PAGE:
I have a pretty strong self-preservation instinct, but the thought of abandoning someone who was in bad shape because of me made me feel sick. I tried the next cleric on the list, but the holocomm said they weren’t available either. I punched up the next three with the same result. Probably because they were heading to the shelters or the emergency care wards. Just like Taisen should be.
“Maybe I can carry him there.” I said to no one but myself.
I’d lifted him on to the table, so I knew I could hoist him up. It was one of the advantages of the martial training I’d done. That plus being on the tall side for a human girl, had given me more strength than people assumed I had. I had stamina too, since my teacher was an absolute nightmare about the training regime I had to keep up. If I hadn’t been beat half to death, I wouldn’t have had a problem with throwing a lightweight like Taisen on my back and hauling him to the next nearest clinic. The idea of trying to carry him through the crowds that were on the street, while I was feeling only half recovered, was not an appealing one though.
Giving up on the holocomm, I stomped back into the room to consider what other options I had.
“I can’t leave you here.” I told him. “But we can’t stay either.”
I felt a shiver pass through me. It started in my chest and ran down my left side to the tips of my fingers.
“Something’s coming. The city…” I trailed off.
The city was going to die. I saw it, like a hallucination, or a dream, but more solid and clear. I saw the clinic, grey and empty. I saw the streets outside, steel grey dust covering them as well. Even the shelters. Empty and grey.
A frosty anger yanked me out of the vision and back into the clinic. I stumbled and caught myself on the edge of the table feeling light headed for a moment.
“I can’t go crazy.” I ordered myself. I’d never had a vision before, I didn’t have the Aethereal anima needed for them. Very few people did. So what I’d seen couldn’t have been a real glimpse of the future. What it could have been, what it most likely was, was a sign that I was losing it. Between the head trauma and having a really rotten day, some people might even have found that reasonable. I wasn’t one of them. I couldn’t afford to be crazy, and some part of me knew that I wasn’t.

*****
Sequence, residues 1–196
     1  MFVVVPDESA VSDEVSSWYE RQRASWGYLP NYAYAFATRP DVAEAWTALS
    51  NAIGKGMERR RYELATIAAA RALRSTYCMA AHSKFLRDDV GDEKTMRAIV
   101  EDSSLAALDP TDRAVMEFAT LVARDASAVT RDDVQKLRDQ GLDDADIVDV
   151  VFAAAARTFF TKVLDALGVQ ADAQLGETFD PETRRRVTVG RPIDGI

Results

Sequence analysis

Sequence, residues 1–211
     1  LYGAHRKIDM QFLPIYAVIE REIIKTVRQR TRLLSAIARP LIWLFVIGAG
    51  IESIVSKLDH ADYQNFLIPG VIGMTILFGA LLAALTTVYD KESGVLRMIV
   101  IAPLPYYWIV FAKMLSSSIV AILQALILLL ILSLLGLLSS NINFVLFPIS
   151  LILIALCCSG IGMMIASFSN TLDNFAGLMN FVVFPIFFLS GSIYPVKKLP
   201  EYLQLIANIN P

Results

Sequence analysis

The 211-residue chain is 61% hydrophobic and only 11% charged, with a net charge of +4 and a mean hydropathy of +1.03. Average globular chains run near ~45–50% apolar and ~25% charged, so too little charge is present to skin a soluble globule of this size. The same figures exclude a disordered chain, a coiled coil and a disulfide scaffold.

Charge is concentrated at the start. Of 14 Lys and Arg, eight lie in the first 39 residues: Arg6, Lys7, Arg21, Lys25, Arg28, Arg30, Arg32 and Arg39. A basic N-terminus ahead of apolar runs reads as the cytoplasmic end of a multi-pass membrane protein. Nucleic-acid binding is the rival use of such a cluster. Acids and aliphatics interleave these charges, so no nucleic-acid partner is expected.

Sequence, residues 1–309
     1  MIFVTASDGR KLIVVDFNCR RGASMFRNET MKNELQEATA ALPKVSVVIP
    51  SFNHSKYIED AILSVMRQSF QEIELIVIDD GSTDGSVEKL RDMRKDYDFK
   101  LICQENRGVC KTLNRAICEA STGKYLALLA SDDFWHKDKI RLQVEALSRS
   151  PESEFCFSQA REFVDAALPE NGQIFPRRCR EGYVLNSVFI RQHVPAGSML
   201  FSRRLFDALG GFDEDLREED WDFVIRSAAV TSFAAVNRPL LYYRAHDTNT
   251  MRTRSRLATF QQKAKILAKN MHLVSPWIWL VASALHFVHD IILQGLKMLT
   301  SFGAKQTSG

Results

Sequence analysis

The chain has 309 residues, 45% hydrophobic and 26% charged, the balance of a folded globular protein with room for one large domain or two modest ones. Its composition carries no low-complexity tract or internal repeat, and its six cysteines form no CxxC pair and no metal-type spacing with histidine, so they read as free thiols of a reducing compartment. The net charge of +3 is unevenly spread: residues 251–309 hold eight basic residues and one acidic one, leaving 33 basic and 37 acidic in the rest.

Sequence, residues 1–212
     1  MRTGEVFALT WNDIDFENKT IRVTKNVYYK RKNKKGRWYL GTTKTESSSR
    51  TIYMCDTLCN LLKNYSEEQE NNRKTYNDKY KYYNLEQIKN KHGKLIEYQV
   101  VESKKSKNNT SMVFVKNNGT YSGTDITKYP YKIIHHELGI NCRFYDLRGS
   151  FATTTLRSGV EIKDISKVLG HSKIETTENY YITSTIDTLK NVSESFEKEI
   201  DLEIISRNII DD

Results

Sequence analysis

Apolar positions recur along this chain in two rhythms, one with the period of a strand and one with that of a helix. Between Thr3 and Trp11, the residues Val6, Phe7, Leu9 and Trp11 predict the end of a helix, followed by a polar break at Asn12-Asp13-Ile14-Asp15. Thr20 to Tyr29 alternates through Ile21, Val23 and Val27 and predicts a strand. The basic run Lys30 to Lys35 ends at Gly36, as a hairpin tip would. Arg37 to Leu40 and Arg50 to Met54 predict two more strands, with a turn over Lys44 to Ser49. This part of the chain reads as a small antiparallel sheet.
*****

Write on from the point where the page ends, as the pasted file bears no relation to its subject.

It occurred to me that might be the crazy part speaking but, one way or the other, I had real things I needed to focus on.
“Need to call this in.” Taisen muttered.
I spun to look at him and saw that he was starting to stir, but he was only half conscious still.
“Call who? I tried calling your emergency contacts but none of them are answering.” I said, hoping he was awake enough to hear me.
“Not them.” he said, forcing the words out through the haze of fatigue that held him down.
“Who, just tell me who to call!” I demanded.
“You can’t.” he said, his words slow and slurring as he dragged himself back to consciousness. “Give me a moment.”
I didn’t have any healing skills, but I knew what it was like to get knocked out, so I went and grabbed him a cup of water. Juice would be have been better, but I had to work with what was available. By the time I got back it, Taisen was sitting on the bed and cradling his arms over his lap.
“Here.” I said and passed him the cup of water.
“Thank you.” he replied, and then poured the water over his arms. Instead of falling to the ground though it clung to his burns and began to glow with a pale light. He shuddered and slumped forward but I managed to catch him by the shoulder before he tumbled off the table.
“Wow. I haven’t felt like this since my first year in school.” he said, his expression pained and his face almost as pale as the light on his arms.
“What happened?” I asked.
“Anima drain. How are you feeling?”
I’d heard of anima drain. It was what happened when someone cast spells that drew out too much of their personal magic. If the vids I watched were to be believed, it could have a wide range of effects, from a headache at the low end to death or even disintegration at the worst extreme.
“Better. Or better than I was. What did you do?”
“Believe it or not, I just tried to a simple mending spell on you.” Taisen said. He was focusing on his arms, which I noticed were looking much better than they had been.
“And that damn near killed you?”
“No. You did.” he said. I jerked back at that and he pitched forward without my support. I was able to catch him before he fell, I didn’t want to hurt the poor guy any further, but I was still stunned.
“Don’t worry. It wasn’t your fault. I’ve studied this. I just didn’t think I was ever going to run into it myself. Especially without any warning.” he explained as I helped him get back onto the table.
“What’s ‘this’. What did I do to you?” I asked. I knew I hadn’t done exactly as he’d instructed, but I’d never thought it could kill him. I felt a flash of anger go through me. If what he was doing was that dangerous the jerk should have warned me.
“It’s not something you did, it’s something you are. Or maybe something you have. Ugh. I’m not doing any good here. Let me ask a question instead. How many anima types have you been tested for?”
“All four. Physical, Mental, Energetic and Aethereal. Zeroes across the board.” I said.
“Four. Right. So you were never tested for all the animas then.” Taisen said, and laughed. It was a short chuckle but it made me want to hit him all the same.